When one thinks of international organizations and lawmaking, the Organisation for Economic Co-operation and Development (OECD) rarely merits a mention. It certainly pales in comparison to bodies in the U.N. system: the International Labor Organization, and the World Trade Organization (WTO). For its first fifty years, the OECD has remained a remarkably low-profile institution. Even among international lawyers, few know what the organization really does. Even those who know of the OECD tend to focus on its well-known activities in economic spheres, rarely thinking of its role in relation to social or environmental issues.1 As a result, it should come as no surprise that there has been little political science or legal scholarship on the OECD as an institution in any context.
This issue of The George Washington International Law Review focusing on the OECD is therefore long overdue, for the OECD has played, and continues to play, an important and largely unrecognized role as a lawmaking body. Professor Anne-Marie Slaughter, for example, has predicted that, in stark contrast to the United Nations, "[t]he next generation of international institutions is . . . likely to look more like the Basle Committee [, composed of twelve central bank governors], or, more formally, the Organization for Economic Cooperation and Development, dedicated to providing a forum for transnational problem-solving and the harmonization of national law."2
The OECD occupies a unique space in the international lawmaking field, in large part because it was not established with lawmaking as a priority. First established to administer the Marshall Fund for the reconstruction of Europe, the OECD's founding treaty mandated the organization to promote policies designed:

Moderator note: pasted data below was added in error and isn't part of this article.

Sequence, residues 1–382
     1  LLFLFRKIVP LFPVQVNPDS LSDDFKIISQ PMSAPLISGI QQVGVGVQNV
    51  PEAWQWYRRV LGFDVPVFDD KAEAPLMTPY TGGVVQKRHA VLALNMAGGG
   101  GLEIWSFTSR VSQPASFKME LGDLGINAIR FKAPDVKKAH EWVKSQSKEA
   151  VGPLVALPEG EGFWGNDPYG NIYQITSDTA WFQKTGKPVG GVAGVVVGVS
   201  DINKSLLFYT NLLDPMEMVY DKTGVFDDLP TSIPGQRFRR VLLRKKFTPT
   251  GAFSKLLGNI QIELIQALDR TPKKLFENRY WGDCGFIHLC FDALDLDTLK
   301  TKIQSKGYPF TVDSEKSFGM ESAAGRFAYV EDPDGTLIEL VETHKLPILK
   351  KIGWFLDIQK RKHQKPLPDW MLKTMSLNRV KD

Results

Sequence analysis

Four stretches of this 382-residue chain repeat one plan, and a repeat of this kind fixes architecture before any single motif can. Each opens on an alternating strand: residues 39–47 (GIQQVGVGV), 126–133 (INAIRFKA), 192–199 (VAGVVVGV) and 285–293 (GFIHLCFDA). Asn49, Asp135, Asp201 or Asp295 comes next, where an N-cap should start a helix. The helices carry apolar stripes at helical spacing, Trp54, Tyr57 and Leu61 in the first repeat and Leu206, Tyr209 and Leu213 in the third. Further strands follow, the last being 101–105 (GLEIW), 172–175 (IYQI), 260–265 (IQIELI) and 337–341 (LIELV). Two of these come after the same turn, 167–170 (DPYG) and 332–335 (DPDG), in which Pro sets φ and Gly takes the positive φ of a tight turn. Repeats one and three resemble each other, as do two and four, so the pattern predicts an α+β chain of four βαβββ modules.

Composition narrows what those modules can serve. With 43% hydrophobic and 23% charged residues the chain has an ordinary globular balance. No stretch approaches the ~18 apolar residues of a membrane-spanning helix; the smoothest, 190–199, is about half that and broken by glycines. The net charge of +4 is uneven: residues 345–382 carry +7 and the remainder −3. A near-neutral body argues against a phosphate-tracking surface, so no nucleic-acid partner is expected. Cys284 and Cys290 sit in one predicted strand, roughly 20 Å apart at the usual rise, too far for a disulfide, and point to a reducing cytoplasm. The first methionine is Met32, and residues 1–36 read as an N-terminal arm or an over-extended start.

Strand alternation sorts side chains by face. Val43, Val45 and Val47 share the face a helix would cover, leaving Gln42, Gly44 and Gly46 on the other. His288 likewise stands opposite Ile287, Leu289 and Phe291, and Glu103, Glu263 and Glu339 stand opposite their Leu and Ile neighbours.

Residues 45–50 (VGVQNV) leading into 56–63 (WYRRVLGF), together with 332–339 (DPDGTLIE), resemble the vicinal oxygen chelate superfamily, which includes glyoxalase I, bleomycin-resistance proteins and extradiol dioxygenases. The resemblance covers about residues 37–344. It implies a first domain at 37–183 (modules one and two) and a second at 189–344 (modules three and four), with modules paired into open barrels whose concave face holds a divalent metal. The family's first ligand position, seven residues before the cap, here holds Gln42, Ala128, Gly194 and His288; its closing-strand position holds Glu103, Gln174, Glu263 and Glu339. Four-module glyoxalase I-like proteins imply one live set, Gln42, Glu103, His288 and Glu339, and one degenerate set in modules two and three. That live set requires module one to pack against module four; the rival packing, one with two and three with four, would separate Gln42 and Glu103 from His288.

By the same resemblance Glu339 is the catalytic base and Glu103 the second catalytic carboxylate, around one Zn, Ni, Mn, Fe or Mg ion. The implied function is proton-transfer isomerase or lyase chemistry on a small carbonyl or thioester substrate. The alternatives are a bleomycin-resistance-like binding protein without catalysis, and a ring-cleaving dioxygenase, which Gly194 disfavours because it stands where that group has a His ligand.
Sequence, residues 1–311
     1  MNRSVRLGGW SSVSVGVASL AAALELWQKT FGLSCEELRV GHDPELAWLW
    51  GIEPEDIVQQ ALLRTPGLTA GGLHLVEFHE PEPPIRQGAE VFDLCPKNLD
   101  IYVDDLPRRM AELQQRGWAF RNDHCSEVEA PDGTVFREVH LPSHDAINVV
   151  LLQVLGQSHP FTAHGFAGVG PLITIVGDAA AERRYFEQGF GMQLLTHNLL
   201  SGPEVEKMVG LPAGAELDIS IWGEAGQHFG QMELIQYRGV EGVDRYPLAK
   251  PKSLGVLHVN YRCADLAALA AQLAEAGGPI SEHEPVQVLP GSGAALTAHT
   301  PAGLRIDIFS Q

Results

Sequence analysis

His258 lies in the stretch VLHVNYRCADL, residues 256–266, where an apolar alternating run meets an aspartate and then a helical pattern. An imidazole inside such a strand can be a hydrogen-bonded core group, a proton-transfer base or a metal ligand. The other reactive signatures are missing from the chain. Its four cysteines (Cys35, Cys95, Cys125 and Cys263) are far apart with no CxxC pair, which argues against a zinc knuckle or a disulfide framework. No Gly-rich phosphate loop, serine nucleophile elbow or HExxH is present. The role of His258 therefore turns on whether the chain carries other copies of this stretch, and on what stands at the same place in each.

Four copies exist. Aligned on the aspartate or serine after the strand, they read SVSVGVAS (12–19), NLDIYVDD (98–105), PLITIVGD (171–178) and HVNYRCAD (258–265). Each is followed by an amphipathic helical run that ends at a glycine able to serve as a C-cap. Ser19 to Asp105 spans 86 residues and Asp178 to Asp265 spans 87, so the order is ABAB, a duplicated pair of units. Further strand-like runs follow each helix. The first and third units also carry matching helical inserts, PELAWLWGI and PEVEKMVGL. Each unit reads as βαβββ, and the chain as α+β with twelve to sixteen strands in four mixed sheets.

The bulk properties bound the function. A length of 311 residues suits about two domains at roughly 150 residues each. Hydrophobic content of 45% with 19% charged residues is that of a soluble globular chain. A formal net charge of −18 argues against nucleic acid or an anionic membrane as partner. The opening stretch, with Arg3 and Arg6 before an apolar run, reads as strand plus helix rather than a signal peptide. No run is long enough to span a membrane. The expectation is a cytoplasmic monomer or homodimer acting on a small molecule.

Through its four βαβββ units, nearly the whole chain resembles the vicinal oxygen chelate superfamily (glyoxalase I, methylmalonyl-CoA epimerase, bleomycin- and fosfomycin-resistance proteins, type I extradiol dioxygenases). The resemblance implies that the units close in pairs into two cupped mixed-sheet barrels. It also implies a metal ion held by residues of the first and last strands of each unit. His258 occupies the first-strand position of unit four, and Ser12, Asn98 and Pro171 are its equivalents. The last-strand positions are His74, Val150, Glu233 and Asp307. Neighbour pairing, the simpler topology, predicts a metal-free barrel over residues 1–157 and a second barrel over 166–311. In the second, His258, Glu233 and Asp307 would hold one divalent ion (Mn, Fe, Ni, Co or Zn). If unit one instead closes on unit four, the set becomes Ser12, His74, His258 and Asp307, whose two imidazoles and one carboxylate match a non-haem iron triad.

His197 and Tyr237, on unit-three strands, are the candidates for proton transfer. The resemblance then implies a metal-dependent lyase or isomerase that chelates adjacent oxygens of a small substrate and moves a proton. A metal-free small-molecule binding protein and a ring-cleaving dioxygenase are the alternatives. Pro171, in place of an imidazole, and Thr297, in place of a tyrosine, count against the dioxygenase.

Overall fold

(a) to achieve the highest sustainable economic growth and employment and a rising standard of living in Member countries, while maintaining financial stability, and thus to contribute to the development of the world economy;
(b) to contribute to sound economic expansion in Member as well as non-Member countries in the process of economic development; and
(c) to contribute to the expansion of world trade on a multilateral, non-discriminatory basis in accordance with international obligations.3
Its primary purpose was economic rather than legislative. To that end, the OECD plays a range of roles.
First and foremost, the OECD is a research and networking organization. By virtue of its restricted membership, the OECD in many respects acts as an exclusive club whose members produce two-thirds of the world's goods and services. The OECD provides a private setting for wealthy industrialized governments to share experiences, identify issues of common concern, and coordinate domestic and international policies. In simple terms, the OECD's range of standing inter-governmental committees serve as useful talking shops for countries to share experiences, learning from one another's successes and challenges. While not voiced openly, the closed-door meetings of the OECD provide an important alternative forum to what is often viewed as the developing country-dominated and politicized U.N. system. The OECD occupies a unique position in the constellation of international organizations, with membership broader than the European Union, the Nordic Council, or the North American Free Trade Agreement (NAFTA), yet much more restrictive than the United Nations or WTO, and with topic coverage as broad as any international organization. As a result, the OECD provides a restricted forum on virtually unrestricted topics.
The OECD also acts as a high-powered research institution. Its more than 2000 employees (many of whom are economists) collect data, monitor trends, forecast economic developments, and develop policy options for consideration by member countries. Its Economic Outlook series, for example, forecasts macroeconomic trends over the next two years such as gross domestic product, employment, account balances, and interest rates, each of which is followed closely by the global financial media. …